Boko Haram Kidnaps Cameroonian Prime Minister’s Wife, Female Suicide Bomber Kills Civilians

Abena Agyeman-Fisher July 28, 2014

Amadou Ali

Islamic terrorist group Boko Haram managed to hit a new low with the reported kidnapping of Cameroonian Deputy Prime Minister Amadou Ali‘s (pictured) wife and their maid. In addition, the militant group also unleashed yet another female suicide bomber in Nigeria Monday morning, according to various reports.

RELATED: Nigeria, Cameroon, Chad & Niger Unite Against Boko Haram

Seeming to pull out a page from an hackneyed action movie, Boko Haram attacked Ali’s home in Kolofata, which is located near Nigeria’s Borno State, according to Information Minister Issa Tchiroma.

The “savage attack” reportedly occurred while Ali was breaking fast on Sunday during the Islamic holiday of Ramadan, and while Ali was able to escape to a nearby town, his wife and maid weren’t so lucky.

Of the current situation in Kolofata, Regional Commander Col. Feliz Nji Formekong told the BBC, “The situation is very critical here now, and as I am talking to you, the Boko Haram elements are still in Kolofata town in a clash with our soldiers.”

It is likely that the attack may be retribution for the jailing of 20 Boko Haram terrorists in Cameroon on Friday. The motley group were reportedly incarcerated for “possessing illegal firearms and plotting insurrection.”

As previously reported on by Face2Face Africa, Cameroon has repeatedly found themselves in the crosshairs of Boko Haram, with a soldier being attacked in March and two attacks happening in May. The second May attack made international headlines as 10 Chinese workers were kidnapped by the group.

Female Suicide Bombers Set Off Bombs in Kano

On Monday, a woman reportedly stood in line with a number of women at a petrol station before blowing herself up.

Her suicide bombing ended up killing three civilians, with one witness, Tijjani Isa, saying, “I was nearby the queue when I heard a heavy loud (noise),” he said. “And immediately saw people running while others went down.”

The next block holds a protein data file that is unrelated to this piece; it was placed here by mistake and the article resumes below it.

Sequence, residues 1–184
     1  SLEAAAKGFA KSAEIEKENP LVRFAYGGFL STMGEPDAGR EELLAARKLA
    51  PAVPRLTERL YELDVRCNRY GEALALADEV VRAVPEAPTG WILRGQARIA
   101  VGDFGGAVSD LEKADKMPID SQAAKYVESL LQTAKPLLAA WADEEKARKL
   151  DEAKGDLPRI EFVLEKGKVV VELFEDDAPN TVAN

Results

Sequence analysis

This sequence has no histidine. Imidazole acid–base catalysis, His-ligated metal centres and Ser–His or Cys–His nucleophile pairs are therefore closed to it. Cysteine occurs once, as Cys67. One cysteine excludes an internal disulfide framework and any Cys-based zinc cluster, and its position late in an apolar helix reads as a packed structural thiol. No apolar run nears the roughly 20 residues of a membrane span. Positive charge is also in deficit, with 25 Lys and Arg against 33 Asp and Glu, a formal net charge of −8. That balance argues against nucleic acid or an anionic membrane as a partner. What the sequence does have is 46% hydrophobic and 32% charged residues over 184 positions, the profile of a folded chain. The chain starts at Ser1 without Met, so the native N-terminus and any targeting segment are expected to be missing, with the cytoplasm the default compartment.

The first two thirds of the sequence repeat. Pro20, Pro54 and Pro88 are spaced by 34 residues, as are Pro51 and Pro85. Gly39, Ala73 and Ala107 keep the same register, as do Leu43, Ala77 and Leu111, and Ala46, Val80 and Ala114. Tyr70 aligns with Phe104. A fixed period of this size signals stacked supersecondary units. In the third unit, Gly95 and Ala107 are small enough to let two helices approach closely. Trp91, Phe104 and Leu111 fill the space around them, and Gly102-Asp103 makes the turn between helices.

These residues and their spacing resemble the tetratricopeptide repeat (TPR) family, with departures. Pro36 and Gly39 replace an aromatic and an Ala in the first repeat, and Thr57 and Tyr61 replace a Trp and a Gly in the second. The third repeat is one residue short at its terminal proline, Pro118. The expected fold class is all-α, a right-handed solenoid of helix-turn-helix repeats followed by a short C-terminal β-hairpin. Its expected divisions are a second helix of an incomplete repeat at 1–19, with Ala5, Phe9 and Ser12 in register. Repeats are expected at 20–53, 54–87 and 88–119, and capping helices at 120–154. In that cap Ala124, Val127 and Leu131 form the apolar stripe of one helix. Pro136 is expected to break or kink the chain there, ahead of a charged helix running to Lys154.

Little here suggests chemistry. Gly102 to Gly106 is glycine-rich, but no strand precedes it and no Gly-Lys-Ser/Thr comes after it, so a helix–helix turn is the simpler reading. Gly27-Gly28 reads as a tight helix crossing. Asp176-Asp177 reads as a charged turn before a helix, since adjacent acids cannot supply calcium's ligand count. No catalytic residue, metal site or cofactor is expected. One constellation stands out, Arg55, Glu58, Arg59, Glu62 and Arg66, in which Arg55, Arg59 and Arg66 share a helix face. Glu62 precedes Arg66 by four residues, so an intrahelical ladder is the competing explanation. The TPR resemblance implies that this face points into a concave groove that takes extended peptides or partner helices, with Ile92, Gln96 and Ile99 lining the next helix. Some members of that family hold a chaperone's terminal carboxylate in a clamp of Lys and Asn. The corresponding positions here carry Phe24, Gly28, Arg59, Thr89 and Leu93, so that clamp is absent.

Tragically, this explosion is just one of several in the last few days for Kano.

The Associated Press reports:

“The suicide bombing was one of five attacks in Kano in two days, said police spokesman Musa Magaji Majia.

Another bomb blast went off across from a Shoprite supermarket Monday, but no one was harmed.

On Sunday, a 15-year-old girl detonated a bomb near a temporary university site, killing only herself, said Kano State Police Commissioner Aderenle Shinaba. Five others were killed in a church bombing the same day, he said, and a third bomb was discovered at a mosque before it exploded, harming no one.”

Concerning the suicide bombers, while this is the third time females have turned themselves into suicide bombers on behalf of Boko Haram, it still proves that the crazed group continues to focus on increasing its ranks with girls and women.

At the beginning of July, Face2Face Africa reported on three women who were arrested for recruiting females for the militants.

Face2Face Africa reports:

“Reportedly changing their focus on increasing their ranks, Boko Haram is allegedly employing women to recruit widows and young girls with promises of nuptials to terrorists.

CNN reports:

“The arrested trio suspects were luring ladies, especially widows and young girls, by enticing them with male suitors who are mainly members of their terror group, for marriage,” said Col. Onyema Nwachukwu, director of defense information.

“The women have been identified as Hafsat Usman Bako, Zainab Idris, and Aisha Abubakar, with Bako being previously married to a terrorist that was reportedly killed by the military.

“According to the ministry, ‘Hafsat continued with the terror group, specializing in surreptitious recruitment of members into their fold.'”

The arrests come on the heels of the first-ever suicide bombing attempt by a female of a military building in Gombe.

The suicide bomber perished in the bombing.

RELATED: #BringBackOurGirls at 100 Days: They Will Not Be Forgotten

Last Edited by:Abena Agyeman-Fisher Updated: June 19, 2018


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